Jesse Rodin strives to make contact with lived musical experiences of the distant past. Focusing on the fifteenth century, he immerses himself in the original sources, singing from choirbooks, memorizing melodies and their texts, even recreating performances held at weddings, liturgical ceremonies, and feasts. A passionate teacher, Rodin has led seminars, workshops, and masterclasses at institutions such as the Schola Cantorum (Basel, Switzerland), the University of Vienna, the Centre d’Études Supérieures de la Renaissance (Tours, France), and Princeton University.
Rodin is Associate Professor of Music at Stanford University and co-editor of the Journal of Musicology. He is the author of Josquin’s Rome: Hearing and Composing in the Sistine Chapel (Oxford University Press, 2012), editor of a volume of L’homme armé masses for the New Josquin Edition (2014), and co-editor of The Cambridge History of Fifteenth-Century Music (2015). He directs the Josquin Research Project, a digital tool for exploring a large corpus of Renaissance music. Current projects include a monograph on form in fifteenth-century music (Cambridge University Press).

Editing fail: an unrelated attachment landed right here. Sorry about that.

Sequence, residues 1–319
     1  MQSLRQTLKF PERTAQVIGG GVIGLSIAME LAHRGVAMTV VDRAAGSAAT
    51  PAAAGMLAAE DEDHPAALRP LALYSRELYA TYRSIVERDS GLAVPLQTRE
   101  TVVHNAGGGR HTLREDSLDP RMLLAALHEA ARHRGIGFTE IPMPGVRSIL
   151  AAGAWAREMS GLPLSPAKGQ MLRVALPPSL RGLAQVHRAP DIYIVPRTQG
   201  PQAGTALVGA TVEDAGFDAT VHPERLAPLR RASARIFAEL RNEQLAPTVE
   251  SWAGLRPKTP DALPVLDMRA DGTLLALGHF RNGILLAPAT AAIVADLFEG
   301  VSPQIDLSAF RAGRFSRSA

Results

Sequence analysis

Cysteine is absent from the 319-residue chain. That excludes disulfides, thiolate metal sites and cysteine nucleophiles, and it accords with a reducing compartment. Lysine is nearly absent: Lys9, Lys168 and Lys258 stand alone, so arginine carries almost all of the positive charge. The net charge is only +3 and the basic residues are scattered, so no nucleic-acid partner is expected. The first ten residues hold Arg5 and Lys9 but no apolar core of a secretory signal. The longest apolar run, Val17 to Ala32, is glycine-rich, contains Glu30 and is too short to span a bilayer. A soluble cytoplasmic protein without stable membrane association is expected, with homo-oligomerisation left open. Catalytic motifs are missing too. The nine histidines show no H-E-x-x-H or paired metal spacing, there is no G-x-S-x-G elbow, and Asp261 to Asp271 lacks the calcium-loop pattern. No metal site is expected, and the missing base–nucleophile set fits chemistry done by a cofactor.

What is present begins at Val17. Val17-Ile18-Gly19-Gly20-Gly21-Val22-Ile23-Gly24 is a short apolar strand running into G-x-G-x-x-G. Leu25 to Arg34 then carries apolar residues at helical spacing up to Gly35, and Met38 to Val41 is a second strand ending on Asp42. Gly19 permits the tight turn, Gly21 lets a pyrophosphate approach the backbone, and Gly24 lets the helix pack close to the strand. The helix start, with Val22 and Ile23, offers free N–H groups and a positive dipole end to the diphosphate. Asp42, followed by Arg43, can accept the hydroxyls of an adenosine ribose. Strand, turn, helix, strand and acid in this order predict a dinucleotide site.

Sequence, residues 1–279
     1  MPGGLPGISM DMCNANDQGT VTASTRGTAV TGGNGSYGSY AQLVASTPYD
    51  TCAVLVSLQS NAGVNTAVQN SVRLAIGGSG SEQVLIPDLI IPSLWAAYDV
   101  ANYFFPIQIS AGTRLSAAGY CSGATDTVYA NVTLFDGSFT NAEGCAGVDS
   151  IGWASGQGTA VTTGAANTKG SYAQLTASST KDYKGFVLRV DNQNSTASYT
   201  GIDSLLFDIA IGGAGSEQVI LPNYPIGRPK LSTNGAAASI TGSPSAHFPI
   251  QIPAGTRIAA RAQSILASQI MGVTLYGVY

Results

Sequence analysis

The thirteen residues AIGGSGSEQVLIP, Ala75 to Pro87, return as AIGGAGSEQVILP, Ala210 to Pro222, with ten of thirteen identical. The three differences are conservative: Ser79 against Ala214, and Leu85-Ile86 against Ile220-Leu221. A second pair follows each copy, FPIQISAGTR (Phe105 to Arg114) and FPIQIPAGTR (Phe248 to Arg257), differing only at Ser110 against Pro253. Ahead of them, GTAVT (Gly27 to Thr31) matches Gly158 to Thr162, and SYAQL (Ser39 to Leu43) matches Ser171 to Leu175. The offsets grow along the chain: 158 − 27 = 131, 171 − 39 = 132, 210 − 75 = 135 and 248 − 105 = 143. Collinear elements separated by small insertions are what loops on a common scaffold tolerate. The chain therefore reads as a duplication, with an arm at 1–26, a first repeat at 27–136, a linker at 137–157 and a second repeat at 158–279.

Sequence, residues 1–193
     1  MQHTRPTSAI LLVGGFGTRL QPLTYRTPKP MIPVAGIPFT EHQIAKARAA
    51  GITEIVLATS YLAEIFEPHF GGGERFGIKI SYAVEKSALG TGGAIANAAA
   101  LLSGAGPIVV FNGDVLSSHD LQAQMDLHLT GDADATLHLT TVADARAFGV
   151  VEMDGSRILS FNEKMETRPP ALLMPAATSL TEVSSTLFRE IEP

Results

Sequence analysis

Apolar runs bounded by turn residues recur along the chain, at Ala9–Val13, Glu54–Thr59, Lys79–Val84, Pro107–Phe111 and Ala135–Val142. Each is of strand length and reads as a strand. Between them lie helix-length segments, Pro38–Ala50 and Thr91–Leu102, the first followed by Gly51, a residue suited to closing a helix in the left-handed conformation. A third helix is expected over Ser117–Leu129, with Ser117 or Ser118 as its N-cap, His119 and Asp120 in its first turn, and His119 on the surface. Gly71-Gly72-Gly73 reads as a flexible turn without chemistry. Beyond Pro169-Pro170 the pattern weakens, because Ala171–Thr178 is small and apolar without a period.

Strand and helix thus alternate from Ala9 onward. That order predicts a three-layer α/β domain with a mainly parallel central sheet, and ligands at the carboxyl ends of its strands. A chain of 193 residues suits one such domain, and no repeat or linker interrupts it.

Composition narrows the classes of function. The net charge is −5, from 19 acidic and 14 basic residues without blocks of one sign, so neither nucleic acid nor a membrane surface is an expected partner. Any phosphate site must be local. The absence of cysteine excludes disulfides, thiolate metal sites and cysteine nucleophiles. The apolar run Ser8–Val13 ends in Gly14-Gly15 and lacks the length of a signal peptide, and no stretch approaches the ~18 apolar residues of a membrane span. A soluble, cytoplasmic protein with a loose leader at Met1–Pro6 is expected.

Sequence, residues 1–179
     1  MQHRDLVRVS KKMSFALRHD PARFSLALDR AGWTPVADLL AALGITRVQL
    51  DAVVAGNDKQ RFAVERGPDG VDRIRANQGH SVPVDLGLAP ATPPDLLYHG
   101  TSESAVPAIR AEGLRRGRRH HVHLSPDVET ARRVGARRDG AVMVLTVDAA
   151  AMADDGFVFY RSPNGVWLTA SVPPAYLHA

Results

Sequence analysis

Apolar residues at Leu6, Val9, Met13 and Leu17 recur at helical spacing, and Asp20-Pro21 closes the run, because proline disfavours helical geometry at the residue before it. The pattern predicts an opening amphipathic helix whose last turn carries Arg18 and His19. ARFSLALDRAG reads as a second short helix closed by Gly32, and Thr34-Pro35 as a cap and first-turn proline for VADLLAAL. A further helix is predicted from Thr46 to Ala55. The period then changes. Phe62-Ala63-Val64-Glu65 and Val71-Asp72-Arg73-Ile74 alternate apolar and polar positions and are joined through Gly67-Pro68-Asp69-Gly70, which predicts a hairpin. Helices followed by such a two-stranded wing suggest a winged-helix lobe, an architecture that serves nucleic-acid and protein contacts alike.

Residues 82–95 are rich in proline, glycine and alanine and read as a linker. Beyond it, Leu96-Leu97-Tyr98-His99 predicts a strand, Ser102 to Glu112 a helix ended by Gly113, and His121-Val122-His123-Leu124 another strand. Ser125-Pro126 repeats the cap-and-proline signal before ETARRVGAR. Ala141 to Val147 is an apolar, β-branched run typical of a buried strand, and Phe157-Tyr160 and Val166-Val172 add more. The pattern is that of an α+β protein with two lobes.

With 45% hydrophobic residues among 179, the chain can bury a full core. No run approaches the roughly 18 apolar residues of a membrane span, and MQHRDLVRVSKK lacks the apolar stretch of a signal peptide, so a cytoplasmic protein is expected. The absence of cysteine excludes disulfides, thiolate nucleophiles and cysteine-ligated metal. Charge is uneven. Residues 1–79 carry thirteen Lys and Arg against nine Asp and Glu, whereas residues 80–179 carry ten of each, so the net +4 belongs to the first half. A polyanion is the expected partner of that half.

Rodin is the recipient of awards and fellowships from the Guggenheim Foundation, the Université Libre de Bruxelles, the American Council of Learned Societies, the American Society of Composers, Authors, and Publishers, the Harvard University Center for Italian Renaissance Studies, and the American Musicological Society. For his work with Cut Circle he has received the Prix Olivier Messiaen, the Noah Greenberg Award, Editor’s Choice (Gramophone), and a Diapason d’Or. He prepares new editions of all the music Cut Circle performs.
At Stanford Rodin directs the Facsimile Singers, which helps students develop native fluency in old musical notation. He has organized symposia on medieval music pedagogy, musical analysis in the digital age, and the composer Johannes Ockeghem. He co-teaches “Food, Text, Music: A Multidisciplinary Lab on the Art of Feasting,” in which students explore historical sources, attend to issues of aesthetic experience and sustainability, and cook medieval recipes in Stanford’s Teaching Kitchen.